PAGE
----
Everything You Must Know About Bruxism - Clinica Dental Tres Olivos
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Everything You Must Know About Bruxism

08 Sep Everything You Must Know About Bruxism

What is Bruxism?

We all clench our teeth from time to time, for example, when we get angry or nervous, but if we do it regularly, then we are talking about bruxism.

Bruxism is the medical term that refers to the subconscious habit of teeth clenching or grinding.

Bruxism is a pretty usual problem. A large percentage of the population suffers from bruxism: it affects men as well as women, and adults as well as kids.

Sometimes bruxism resolves by itself, but when it persist, it is necessary to take some measures in order to avoid serious consequences.




Although bruxism exact causes are unknown, the research shows that bruxism doesn’t happen in an isolated way, but it is always linked to other health problems. Some of the factors to which bruxism is related are as follows:

  • Sleep disorders, such as snoring or sleep apnea (stop breathing for brief periods during sleep). Some research shows that bruxism is also related to sleepwalking.
  • Psychological problems, such as stress or anxiety.
  • Life style. It has been established that bruxism may be intensified by some factors, such as excessive alcohol consumption, recreational drugs and other stimulants, such as caffeine or tobacco.
  • Medications. Bruxism may appear as a side effect of some medications, such as antidepressants.



There are several types of bruxism. In this post we are going to explain three different categories:

In which part of the day do you experience it?

  • Daytime Bruxism: Daytime bruxism: is usually a more or less conscious reaction experienced while doing activities that require a high level of concentration. It is a fixation, such as nails or lips biting.
  • Sleep Bruxism: Sleep bruxism is absolutely involuntary and happens during sleep. In this post we refer mainly to sleep bruxism.

What is the cause of bruxism?

  • Specific: Specific bruxism appears in a natural way. In this case there is no external agent that causes it.
  • Non-Specific Bruxism: Non-Specific bruxism is caused by a heath problem, either physical or psychological, such as depression. It can also happen due to medicaments or recreational drugs intake.

How does bruxism affect the tooth?

  • Eccentric: Eccentric bruxism wears down evenly the whole biting surface of the tooth, that is to say, it makes the tooth have an even and flat surface.
  • Centric: Centric bruxism causes inverted tooth cusps, that is to say, it sinks the part of the tooth that should stand out. Centric bruxism also wears down the neck of the tooth, which is the part that joins the crown with the root.


Symptoms and Consequences

Most common symptoms of bruxism are jaw pain and headache, which are due to muscles overuse. Other typical symptoms are tooth sensitivity, insomnia and earache.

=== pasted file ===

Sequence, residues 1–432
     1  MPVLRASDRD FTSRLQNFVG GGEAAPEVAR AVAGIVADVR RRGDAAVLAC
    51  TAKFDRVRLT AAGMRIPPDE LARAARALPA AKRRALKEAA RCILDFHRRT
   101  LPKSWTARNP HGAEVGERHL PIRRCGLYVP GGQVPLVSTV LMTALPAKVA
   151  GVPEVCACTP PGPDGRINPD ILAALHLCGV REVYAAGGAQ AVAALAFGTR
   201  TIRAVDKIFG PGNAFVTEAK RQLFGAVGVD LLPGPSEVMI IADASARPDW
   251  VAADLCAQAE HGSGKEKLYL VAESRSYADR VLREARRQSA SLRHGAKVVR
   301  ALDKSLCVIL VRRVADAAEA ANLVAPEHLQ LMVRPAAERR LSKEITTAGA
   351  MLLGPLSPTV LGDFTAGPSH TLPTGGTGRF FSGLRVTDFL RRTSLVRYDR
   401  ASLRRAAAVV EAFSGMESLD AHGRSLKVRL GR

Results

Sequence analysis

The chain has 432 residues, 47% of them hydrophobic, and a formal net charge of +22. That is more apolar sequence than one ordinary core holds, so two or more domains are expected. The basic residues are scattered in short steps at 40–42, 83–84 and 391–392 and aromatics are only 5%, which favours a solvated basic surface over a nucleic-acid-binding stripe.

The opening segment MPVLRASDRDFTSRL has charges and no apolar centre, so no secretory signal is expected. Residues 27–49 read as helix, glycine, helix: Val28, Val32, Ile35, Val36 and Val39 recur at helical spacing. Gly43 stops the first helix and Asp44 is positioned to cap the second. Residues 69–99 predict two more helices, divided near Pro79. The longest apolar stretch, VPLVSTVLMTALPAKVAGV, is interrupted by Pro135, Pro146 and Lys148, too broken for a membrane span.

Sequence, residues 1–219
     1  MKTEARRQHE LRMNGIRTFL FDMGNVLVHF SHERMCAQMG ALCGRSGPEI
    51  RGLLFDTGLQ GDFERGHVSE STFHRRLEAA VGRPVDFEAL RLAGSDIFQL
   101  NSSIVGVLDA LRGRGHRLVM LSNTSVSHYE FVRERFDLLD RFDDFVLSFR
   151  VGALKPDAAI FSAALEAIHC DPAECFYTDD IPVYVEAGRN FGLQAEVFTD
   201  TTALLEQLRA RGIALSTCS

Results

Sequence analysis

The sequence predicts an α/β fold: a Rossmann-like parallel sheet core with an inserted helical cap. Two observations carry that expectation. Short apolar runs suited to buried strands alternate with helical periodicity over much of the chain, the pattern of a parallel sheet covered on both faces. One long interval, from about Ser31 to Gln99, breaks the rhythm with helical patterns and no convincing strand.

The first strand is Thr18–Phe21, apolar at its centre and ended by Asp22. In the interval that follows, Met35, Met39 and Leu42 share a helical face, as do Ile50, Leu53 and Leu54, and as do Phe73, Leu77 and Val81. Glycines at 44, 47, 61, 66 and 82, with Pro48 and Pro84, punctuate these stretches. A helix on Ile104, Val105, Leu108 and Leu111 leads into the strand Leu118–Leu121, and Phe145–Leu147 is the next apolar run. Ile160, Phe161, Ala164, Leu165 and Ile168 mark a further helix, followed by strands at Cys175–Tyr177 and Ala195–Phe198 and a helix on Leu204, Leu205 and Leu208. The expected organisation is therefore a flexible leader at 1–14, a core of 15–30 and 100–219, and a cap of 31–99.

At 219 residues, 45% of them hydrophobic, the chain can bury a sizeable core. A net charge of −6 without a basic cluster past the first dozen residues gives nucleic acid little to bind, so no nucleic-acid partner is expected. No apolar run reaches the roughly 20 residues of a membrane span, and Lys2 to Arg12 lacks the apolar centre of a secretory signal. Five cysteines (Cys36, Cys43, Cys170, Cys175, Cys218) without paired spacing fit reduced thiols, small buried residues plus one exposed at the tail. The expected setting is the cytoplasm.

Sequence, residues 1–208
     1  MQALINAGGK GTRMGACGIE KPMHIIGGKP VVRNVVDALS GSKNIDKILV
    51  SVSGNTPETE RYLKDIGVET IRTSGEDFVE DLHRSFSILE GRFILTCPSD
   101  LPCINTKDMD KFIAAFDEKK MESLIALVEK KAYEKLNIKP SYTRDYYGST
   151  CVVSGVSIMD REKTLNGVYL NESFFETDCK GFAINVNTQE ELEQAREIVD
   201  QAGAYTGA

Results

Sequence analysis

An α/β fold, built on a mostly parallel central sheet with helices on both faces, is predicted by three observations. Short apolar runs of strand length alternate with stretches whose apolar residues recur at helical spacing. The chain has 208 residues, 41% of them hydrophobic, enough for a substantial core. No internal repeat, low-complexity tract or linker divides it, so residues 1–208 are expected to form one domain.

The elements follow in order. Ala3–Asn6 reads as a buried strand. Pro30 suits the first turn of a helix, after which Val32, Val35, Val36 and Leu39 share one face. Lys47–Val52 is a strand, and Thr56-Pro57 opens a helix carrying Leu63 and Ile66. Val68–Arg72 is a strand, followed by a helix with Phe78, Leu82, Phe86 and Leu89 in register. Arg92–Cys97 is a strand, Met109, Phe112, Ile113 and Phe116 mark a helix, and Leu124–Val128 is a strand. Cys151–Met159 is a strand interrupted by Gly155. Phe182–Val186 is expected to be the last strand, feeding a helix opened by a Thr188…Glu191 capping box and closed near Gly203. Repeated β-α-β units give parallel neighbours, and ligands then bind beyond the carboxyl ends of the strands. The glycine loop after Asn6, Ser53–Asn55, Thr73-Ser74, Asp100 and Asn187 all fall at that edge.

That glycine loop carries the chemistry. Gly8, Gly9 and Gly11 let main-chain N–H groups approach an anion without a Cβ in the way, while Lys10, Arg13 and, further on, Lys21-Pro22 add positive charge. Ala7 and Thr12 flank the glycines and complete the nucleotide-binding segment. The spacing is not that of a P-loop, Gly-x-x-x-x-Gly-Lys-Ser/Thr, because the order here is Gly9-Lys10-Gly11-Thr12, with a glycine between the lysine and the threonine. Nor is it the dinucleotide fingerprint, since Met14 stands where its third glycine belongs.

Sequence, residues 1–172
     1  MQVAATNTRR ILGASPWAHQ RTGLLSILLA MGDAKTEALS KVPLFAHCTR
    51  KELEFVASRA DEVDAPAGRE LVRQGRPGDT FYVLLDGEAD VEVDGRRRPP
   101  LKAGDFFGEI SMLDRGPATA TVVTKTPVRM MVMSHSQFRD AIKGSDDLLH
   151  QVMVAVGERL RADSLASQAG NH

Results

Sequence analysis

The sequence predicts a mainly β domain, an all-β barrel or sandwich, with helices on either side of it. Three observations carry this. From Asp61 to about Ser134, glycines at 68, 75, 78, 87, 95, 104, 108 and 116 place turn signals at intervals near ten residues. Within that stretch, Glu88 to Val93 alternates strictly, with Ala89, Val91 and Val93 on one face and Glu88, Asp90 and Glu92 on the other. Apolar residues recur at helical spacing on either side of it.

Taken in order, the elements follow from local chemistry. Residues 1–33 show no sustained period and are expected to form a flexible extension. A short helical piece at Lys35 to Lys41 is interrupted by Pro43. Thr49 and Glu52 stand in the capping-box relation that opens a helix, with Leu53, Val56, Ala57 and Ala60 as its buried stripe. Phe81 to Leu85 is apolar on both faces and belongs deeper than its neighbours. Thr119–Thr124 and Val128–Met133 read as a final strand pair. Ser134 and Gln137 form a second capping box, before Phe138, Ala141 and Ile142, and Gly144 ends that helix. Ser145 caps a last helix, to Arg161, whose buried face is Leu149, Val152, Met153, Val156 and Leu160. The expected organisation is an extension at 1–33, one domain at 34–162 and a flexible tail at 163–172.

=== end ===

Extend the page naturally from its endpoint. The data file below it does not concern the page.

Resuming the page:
If bruxism isn’t treated, the consequences may become very serious over time. In fact, sometimes bruxism gets so intense that it can cause tooth micro fractures or cracks, gum recession, tooth wear or even tooth lost. Reconstructing damaged teeth could be quite expensive, therefore it is better to treat bruxism as soon as possible in order to avoid that its consequences reach this point.




Given that we normally clench or teeth at night, sometimes we don’t realize that we suffer from bruxism. As mentioned above, some symptoms may be headache or jaw pain. If you notice any of these symptoms and you think that you may have bruxism, please inform your dentist.

However, even if you don’t realize that you clench your teeth in your sleep, your dentist will notice when you get your regular check up done, for there are some signs that are clear indicators of bruxism, such as tooth wear, enamel lost and the state of your gums and jaw.

There is no specific solution for bruxism, but treatments that help control it and avoid further tooth damage.

If you clench your teeth because you are stressed, you should talk to your doctor so that she or he helps you reduce your stress.

If you clench your teeth because you have a sleep disorder, you should solve your sleep disorder first. Once you do that, the bruxism will very likely go away as well.

Reducing alcohol and stimulants consumption is another way of reducing bruxism.

The most common and simple treatment for bruxism is a night guard. Night guards are custom made and they normally last for many years. They are made out of a special plastic material that adjusts perfectly to your upper and lower teeth.

The night guard is in between you upper and lower teeth, what makes it impossible for you to clench or grind your teeth. Therefore you should wear the night guard at night, so that you don’t clench your teeth while sleeping.

However, if you have waited a long time to treat your bruxism, besides wearing a night guard, you will have to get all other kinds of tooth damages repaired, as we already mentioned before.


Bruxism in Children

Some kids can also suffer from bruxism, although this condition is much more common in adults. Bruxism is especially common in children under 10 years old. Nevertheless, when these kids grow up, they usually stop clenching their teeth. However, it is important to discuss this with your dentist, so that she or he can decide what to do about it, for a low percentage of children will continue clenching and grinding their teeth when they grow up.


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